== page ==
Officials viewing Grand Coulee Dam site, October 14, 1937.
The Great Depression first shattered the economy of Washington State, and then the New Deal rebuilt it. The New Deal left the country with roads, bridges, dams, and a new electric landscape that set the stage for rapid industrial growth. The Public Works Administration was a series of federal agencies formed out of Roosevelt’s “hundred days” of legislation following his 1933 inauguration, and one of the many things the New Deal had to offer. The PWA funded large-scale construction projects and provided skilled workers with jobs as well as reconstructing the social landscape for people and providing self-sufficiency and dignity to the many unemployed Americans. By the end of the 1930s, Washington was a different place, its future beginning to come bright even before World War II turned the state into an aerospace center and industrial powerhouse. Infrastructure was a tremendous undertaking, and was a major part of the New Deal. Rebuilding infrastructure in the U.S. was done with new railroads, renovation of public buildings, and new innovations in manufacturing.
While many facets of the New Deal’s impact on Washington State are worthy of exploration, there are a few specific questions that this exhibit addresses. How did public works enacted under the Roosevelt Administration in the wake of the Great Depression influence the social reconstruction of Washington? The New Deal saw a significant expansion of electricity and public utility resources to rural areas in the Pacific Northwest. What were the particular effects of dam construction and utility expansion on politics and life in the Pacific Northwest? How did legislation from the New Deal give labor unions and its people more rights in the work place? How did the New Deal legislation impact Washington State's agricultural sector? Finally, the 1930s and 1940s saw an expansion of American military power and presence on the world stage as a result of the Second World War. How did this expansion of American military power impact the infrustructure and culture of Washington State?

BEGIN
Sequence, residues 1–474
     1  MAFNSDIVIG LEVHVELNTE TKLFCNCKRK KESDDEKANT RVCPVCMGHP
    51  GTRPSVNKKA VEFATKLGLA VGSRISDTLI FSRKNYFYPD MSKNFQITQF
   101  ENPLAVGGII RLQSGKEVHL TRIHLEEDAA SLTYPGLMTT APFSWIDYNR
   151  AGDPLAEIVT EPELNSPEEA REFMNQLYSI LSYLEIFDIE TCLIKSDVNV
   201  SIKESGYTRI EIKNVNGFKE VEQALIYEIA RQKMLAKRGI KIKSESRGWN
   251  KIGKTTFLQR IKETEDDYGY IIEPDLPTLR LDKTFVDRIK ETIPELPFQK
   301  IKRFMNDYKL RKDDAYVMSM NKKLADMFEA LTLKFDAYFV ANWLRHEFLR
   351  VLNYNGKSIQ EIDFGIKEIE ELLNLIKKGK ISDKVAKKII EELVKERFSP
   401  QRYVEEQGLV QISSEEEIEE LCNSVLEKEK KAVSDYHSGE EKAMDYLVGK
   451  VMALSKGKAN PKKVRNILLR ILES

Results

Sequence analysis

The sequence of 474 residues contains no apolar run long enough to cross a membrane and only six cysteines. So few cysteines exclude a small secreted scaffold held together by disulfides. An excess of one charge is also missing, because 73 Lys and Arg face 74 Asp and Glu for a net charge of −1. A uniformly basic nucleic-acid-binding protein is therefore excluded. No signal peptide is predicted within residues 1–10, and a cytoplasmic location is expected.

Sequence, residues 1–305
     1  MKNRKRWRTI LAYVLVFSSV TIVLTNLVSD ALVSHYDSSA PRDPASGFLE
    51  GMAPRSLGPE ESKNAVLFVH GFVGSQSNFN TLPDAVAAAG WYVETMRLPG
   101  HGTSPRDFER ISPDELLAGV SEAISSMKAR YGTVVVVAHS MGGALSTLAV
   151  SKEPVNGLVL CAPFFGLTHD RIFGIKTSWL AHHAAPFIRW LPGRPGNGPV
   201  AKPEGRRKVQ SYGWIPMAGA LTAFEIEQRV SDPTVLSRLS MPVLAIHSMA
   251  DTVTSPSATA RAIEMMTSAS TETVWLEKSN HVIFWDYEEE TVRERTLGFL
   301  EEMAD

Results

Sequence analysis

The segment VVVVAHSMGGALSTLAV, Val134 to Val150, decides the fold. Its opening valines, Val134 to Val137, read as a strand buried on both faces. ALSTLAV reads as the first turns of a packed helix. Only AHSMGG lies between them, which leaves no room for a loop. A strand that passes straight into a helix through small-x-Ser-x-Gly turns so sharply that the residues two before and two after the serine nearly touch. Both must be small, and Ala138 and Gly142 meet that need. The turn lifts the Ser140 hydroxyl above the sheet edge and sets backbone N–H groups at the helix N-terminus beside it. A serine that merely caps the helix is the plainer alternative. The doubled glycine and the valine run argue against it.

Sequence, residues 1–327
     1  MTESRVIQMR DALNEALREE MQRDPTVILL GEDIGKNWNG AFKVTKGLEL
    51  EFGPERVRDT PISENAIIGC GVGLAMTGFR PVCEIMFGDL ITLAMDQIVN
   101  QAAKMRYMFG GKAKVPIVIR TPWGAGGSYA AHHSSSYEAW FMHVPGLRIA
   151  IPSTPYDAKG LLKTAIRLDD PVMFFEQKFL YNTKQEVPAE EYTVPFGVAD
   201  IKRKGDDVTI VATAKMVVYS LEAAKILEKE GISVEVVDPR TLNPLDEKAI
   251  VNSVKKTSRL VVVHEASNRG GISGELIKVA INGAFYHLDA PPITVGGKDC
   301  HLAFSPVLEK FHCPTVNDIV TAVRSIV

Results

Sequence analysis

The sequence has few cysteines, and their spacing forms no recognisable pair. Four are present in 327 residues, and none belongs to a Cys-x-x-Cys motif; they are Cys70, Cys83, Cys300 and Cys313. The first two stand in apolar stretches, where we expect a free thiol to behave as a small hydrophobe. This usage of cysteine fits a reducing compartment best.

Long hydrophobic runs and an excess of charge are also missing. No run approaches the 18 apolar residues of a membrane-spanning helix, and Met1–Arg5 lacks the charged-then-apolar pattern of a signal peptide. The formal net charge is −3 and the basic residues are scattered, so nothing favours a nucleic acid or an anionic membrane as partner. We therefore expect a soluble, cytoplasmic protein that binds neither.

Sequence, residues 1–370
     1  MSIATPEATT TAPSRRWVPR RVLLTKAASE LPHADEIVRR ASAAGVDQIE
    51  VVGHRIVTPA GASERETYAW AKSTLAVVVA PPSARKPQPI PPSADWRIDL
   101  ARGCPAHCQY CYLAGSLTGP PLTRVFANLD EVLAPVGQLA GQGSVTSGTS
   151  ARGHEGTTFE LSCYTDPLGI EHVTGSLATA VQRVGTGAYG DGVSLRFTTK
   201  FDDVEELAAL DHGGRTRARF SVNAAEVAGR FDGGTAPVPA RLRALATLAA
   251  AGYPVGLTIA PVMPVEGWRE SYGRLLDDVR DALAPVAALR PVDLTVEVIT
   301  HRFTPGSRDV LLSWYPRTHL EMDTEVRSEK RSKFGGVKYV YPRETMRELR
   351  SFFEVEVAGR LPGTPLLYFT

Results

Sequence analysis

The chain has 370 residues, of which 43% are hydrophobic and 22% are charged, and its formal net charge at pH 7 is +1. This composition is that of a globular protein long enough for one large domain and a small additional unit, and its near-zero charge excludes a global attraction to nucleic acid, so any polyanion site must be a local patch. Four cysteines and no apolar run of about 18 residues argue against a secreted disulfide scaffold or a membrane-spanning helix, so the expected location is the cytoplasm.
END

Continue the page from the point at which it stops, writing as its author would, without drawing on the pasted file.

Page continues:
Figueroa, Mark; James, Claire; Kapuza, Josh; Skogen, Josiah; Webb Justin